Hartwick College Faculty Showcase
Douglas Townsend – Canzona
Igor Stravinsky – L’histoire du Soldat
Bohuslav Martinu – La Revue de Cuisine
Anderson Theater, 3PM (cost of admission – free!)
Twice a year, Hartwick College’s music department puts together a showcase, the purpose of which is to enliven campus life. Faculty members are free to submit their own proposals, and there is no music director, so the result is a pleasant sampling of music history where each piece is unique to the items surrounding it. This afternoon’s concert will bring you a sampling of music from post World War One Paris, where jazz was all the rage. You’ll also hear only the third known performance of Douglas Townsend’s Canzona.
Townsend – Canzona
There is no YouTube recording of the Canzona. There is hardly any record of the Canzona at all, in fact. It was completed in 1950, and received just a single performance during the composer’s lifetime. Our own Daniel Hane was a part of the second performance, which took place more than 60 years after its completion, and you can thank him for bringing you this rare, musical treat today. Townsend was unable to attend that first performance, and thus this piece of music is one of the few works which was never heard by its creator. It is not a devilishly tricky piece to play, but it certainly presents its challenges. The viola part, for example, has several instances of unplayable notes in it.
The first thing that strikes about the Canzona is the instrumentation – flute, viola and bassoon. This unusual combination is noteworthy because each instrument has a different means of sound production – the violist draws the bow across the string, the bassoonist causes the reed to rattle, and for the flute, the simple passage of air over the mouthpiece creates the music. This is representative of the music as a whole. When listening to chamber music, one expects the instruments to work together – the bassoon might play the bassline, the viola the rhythmic underpinnings, and the flute the melody. Don’t expect any of that here. The instruments are all equals here, each pursuing its own individual line, and only coming together on occasion. This is true of the tonality – the viola opens the work by intoning a distant, mysterious melody, and the work stays just as alien throughout. When listening to this meditative, lyrical work , one would be best served to observe the individuality of each instrument, and appreciate those rare moments of unity of thought.
Stravinsky – L’histoire du Soldat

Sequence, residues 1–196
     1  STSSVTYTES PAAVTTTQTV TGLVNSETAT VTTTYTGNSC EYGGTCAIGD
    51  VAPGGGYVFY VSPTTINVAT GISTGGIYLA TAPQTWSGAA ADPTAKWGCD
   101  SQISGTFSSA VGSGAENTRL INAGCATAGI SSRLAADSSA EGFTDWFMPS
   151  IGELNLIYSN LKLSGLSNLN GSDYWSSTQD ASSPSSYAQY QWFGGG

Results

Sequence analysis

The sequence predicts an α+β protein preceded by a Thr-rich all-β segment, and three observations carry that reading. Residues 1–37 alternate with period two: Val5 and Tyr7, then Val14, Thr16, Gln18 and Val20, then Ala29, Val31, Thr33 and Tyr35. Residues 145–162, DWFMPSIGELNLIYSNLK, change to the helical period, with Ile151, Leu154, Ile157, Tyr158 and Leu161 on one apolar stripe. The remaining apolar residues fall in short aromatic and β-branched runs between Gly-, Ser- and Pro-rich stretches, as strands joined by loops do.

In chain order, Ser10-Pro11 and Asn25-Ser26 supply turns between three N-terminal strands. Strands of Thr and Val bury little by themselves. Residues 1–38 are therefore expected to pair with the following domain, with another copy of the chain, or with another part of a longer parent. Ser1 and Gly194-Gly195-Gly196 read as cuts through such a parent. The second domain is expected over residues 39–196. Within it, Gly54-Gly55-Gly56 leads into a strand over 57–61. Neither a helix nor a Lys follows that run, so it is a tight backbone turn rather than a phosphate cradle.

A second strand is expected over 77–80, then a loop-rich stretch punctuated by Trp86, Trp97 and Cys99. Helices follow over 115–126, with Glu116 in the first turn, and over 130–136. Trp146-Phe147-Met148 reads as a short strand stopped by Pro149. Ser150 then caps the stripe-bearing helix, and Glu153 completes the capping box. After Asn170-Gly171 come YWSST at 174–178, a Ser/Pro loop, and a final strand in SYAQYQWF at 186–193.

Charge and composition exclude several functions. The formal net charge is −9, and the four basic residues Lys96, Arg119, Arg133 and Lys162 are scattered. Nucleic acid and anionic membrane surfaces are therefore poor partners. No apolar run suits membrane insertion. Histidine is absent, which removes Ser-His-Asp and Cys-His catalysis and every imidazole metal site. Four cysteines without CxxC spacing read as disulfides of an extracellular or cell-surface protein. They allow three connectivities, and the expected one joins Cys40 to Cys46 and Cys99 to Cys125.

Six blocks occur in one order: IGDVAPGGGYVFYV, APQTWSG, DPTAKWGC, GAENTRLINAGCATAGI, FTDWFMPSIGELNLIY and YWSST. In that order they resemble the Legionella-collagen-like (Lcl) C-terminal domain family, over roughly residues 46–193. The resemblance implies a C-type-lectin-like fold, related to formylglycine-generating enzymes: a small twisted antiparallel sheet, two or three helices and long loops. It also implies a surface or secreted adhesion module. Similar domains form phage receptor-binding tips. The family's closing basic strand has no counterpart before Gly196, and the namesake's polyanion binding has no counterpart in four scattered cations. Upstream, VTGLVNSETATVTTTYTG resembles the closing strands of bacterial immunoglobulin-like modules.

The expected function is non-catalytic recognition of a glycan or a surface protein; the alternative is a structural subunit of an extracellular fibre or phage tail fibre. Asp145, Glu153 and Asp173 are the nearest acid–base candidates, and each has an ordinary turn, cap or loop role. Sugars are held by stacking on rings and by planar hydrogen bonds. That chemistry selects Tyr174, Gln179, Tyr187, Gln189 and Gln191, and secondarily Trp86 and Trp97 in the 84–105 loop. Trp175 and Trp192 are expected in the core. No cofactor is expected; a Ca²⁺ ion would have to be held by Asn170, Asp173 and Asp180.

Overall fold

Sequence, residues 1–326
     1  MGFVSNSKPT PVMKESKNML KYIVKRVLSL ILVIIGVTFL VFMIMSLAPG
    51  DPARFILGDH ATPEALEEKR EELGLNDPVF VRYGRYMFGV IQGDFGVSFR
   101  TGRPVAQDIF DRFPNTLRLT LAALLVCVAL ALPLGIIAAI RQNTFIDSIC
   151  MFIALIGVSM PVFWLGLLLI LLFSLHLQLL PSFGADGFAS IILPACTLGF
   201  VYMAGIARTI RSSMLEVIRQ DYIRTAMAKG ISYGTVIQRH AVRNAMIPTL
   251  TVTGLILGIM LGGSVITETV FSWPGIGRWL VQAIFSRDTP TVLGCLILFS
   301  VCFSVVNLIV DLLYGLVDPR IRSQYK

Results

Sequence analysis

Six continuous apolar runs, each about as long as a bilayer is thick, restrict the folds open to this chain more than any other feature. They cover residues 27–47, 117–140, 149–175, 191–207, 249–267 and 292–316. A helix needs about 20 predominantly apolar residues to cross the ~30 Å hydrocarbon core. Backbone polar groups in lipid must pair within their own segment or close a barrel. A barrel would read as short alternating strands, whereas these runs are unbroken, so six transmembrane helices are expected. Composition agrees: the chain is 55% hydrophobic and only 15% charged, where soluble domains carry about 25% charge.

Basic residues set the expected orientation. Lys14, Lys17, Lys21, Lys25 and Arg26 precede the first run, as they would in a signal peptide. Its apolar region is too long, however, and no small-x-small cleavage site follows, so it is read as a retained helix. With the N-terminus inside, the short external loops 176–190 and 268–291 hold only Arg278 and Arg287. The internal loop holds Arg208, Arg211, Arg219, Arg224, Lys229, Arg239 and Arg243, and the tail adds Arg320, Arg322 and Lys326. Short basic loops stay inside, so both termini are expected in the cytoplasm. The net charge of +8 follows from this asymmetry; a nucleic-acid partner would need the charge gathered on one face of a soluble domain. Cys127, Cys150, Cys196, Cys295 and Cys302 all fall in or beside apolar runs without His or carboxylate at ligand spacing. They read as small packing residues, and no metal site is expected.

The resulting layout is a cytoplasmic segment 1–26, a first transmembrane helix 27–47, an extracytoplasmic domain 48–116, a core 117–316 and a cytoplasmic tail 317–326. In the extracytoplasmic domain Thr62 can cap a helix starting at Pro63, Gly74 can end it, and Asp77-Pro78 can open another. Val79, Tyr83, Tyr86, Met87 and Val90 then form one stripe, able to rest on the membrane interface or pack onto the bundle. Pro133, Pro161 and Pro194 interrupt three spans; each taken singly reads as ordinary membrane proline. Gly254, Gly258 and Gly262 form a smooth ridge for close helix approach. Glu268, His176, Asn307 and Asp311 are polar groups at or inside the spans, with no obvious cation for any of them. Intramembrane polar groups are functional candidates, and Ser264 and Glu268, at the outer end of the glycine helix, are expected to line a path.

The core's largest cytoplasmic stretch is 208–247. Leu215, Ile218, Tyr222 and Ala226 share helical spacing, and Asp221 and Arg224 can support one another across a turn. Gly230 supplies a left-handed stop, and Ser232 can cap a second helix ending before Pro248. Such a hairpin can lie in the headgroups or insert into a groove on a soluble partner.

OK! Time for some Parisian music! What’s that you say? Stravinsky doesn’t sound like a French name? Oh, it’s because it’s not. He’s Russian, and moved to France to study and work during of the most fruitful times of his life. L’histoire du Soldat (The Soldier’s Tale) was preceded by his three most famous works – The Firebird, Petrouchka, and The Rite of Spring. Wait, what’s that? There’s someone TALKING over this music! Get him out of here! Oh. He’s supposed to be there? Well, alright I suppose. This music is realized in a very unusual style. To my knowledge, there are only two works in the entire musical canon which incorporate a narrator, but NOT for educational purposes. It’s a ballet, but with only three dancers. In a full performance, there are extended sections where the instrumental ensemble sits out while the narrator and actors work things out. So… it’s an opera, but with no singing. Typical of Stravinsky, to write what he wants without worrying about what genre he’s writing in. The music tells the story of a soldier who trades his violin to the Devil in exchange for limitless profit. As expected, the violin plays a big role in this work, and while there are many instances where the violin player imitates a fiddle, it’s usually a bit off kilter – as though the Devil is, in fact, influencing the fiddle.
Martinu – La Revue de Cuisine
Bohuslav Martinu, like Igor Stravinsky, is not a native Parisian. He was from Czechoslovakia, and like Stravinsky, relocated to the hottest musical town in Europe to further his education and career. The work’s name translates to “The Kitchen Review,” but it also might have been entitled “The Days of Our Lives: Kitchen Edition.” It tells the comedic tale of what our kitchen utensils get up to when we’re not looking. Unlike L’histoire, this work shows its jazz roots right away, with its unexpected, offbeat rhythms, and lead trumpet similar to what you’d hear in a big band (what if Miles Davis had played this music?). This music sounds like it even has something in common with some of Aaron Copland’s works inspired by the theater.